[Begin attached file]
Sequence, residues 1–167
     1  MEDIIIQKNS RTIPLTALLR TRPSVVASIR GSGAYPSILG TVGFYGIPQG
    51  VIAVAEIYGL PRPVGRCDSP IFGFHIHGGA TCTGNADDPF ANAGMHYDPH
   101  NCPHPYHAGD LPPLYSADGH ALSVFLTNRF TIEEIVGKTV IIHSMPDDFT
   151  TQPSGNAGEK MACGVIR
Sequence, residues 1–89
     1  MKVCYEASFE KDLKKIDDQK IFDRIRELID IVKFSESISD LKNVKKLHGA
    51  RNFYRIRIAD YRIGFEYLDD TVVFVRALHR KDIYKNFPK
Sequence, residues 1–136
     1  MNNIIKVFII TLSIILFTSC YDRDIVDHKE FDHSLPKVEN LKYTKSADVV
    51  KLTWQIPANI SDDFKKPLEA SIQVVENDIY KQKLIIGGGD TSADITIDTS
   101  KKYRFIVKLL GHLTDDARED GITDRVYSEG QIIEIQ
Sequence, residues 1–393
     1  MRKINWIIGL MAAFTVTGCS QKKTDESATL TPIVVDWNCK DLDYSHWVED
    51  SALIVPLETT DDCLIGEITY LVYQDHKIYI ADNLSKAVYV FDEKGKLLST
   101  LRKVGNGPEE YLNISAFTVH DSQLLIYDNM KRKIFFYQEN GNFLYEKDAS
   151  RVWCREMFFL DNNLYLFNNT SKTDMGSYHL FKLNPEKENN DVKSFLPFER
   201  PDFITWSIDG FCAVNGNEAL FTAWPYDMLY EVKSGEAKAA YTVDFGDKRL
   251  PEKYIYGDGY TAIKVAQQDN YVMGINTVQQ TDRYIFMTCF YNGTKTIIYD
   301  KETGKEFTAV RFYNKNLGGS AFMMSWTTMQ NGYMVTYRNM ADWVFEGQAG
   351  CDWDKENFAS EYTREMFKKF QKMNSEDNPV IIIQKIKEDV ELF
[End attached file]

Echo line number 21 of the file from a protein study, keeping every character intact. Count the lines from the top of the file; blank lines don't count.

   351  CDWDKENFAS EYTREMFKKF QKMNSEDNPV IIIQKIKEDV ELF